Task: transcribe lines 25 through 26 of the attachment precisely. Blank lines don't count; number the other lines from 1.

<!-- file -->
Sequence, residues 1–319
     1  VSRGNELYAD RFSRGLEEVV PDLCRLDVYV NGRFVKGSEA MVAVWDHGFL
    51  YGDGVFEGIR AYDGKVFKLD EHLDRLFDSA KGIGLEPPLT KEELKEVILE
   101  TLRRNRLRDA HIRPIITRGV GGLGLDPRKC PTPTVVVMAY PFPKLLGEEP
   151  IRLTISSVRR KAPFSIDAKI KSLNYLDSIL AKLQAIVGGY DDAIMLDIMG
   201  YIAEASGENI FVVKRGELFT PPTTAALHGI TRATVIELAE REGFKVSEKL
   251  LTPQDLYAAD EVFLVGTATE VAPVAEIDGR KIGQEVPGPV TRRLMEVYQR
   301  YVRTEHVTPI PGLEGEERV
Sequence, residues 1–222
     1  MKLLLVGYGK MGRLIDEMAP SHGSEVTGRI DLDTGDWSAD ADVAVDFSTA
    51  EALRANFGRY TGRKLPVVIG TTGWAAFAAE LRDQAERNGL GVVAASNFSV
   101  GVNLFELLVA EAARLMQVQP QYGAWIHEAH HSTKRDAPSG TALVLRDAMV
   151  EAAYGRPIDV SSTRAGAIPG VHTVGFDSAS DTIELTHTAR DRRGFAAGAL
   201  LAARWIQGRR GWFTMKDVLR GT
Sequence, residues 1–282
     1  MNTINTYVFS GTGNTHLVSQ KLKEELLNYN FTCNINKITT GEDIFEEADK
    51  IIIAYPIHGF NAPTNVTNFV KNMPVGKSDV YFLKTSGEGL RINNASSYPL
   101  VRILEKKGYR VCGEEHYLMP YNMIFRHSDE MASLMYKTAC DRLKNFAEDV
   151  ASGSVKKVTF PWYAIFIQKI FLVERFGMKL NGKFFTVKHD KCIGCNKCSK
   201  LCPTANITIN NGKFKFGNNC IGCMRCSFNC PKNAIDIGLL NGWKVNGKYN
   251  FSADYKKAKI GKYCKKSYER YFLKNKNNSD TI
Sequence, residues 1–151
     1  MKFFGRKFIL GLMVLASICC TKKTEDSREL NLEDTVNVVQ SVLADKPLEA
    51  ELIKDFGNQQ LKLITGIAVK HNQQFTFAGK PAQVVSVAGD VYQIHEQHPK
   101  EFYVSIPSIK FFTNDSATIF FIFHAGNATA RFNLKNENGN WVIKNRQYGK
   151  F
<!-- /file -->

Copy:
   101  EFYVSIPSIK FFTNDSATIF FIFHAGNATA RFNLKNENGN WVIKNRQYGK
   151  F